Inspired by her father, Celeste became a dedicated volunteer with the IJO from 1990-2015, moving from Education Consultant to Vice Chair of Education Programs. Celeste led the activities of various committee chairpersons overseeing IJO education programs such as the Iowa Juneteenth Education Forum, the Mary McLeod Bethune Award and the Miss Iowa Juneteenth Pageant. She also helped lead the development and operation of the IJO Training Institute, providing grassroots leadership training to IJO volunteers and the staff and volunteers of other nonprofit community organizations in Des Moines. She aided with the testing, evaluation, and certification of participants who met the training requirements.

While based in Des Moines, Celeste worked through the IJO to make statewide impacts as well.  She played a key role bringing together various cities’ Juneteenth celebrations around the state, leading to the establishment of the Iowa Council of Juneteenth Organizations (ICJO).

She worked in an advisory capacity on the placement of the history book “Juneteenth: A Celebration of Freedom,” with the Iowa State Library, public libraries in all 99 counties, and every middle and junior high school library in Iowa.

Celeste established an annual IJO Essay Contest, designed to empower Iowa youth with skills for engaging in scholarship, cultural diversity, and community relations. High school students around the state were invited to submit an essay addressing the year’s theme, with the winners honored at the IJO's annual Community Builders Appreciation Banquet.

Celeste also played a major role establishing an annual IJO museum exhibit at the State Historical Museum of Iowa, deeding IJO artifacts to the museum for placement in their collection. Celeste worked to increase access and awareness of the "Juneteenth in Iowa" museum exhibit with schools, and other community-based organizations across Iowa to encourage field trips and engagement with the free exhibit.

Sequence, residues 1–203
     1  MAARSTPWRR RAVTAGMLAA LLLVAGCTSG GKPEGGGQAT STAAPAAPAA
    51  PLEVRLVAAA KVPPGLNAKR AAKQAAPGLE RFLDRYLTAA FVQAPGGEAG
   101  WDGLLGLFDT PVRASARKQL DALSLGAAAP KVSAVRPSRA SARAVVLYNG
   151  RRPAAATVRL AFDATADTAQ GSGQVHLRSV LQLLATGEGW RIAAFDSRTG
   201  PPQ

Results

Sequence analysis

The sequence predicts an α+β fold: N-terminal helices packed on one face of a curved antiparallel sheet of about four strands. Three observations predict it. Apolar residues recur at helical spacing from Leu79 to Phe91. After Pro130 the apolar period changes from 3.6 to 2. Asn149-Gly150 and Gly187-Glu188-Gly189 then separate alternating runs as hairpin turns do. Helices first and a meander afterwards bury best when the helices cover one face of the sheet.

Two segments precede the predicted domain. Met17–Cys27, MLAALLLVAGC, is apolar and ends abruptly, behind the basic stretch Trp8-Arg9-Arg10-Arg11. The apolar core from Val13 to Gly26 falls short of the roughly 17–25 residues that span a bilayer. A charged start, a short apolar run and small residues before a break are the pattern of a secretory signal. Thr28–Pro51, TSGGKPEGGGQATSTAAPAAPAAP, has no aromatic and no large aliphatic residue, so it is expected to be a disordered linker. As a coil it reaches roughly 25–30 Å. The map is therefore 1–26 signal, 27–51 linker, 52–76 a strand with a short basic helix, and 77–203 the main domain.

As a direct result of the work of the IJO and Celeste, Governor Tom Vilsack signed a bill into law on April 11, 2002, designating the third Saturday in June as Juneteenth National Freedom Day in Iowa. On this day, Iowa became the seventh state to make Juneteenth an official state holiday.

Celeste’s volunteer efforts increased after her mother died from metastatic breast cancer (MBC) in 2019. Celeste realized the need for greater public awareness and action concerning this disease and has been motivated to continue educating Iowans about the least familiar, but most advanced and highly terminal stage of breast cancer.

Celeste’s efforts resulted in Governor Kim Reynolds issuing the first Metastatic Breast Cancer Awareness Day proclamation on October 13th, 2020. From Celeste’s continued advocacy, the Iowa House of Representatives committed to annually recognizing Metastatic Breast Cancer Awareness Day in Iowa on October 13. This state recognition establishes a channel through which the urgency for increasing funding for MBC research is shared in hopes of finding a cure.

Celeste increased public awareness of MBC by reaching out to businesses, nonprofit organizations, and landmarks across Iowa to light up on October 13th, for the purpose of increasing awareness of this disease in their communities.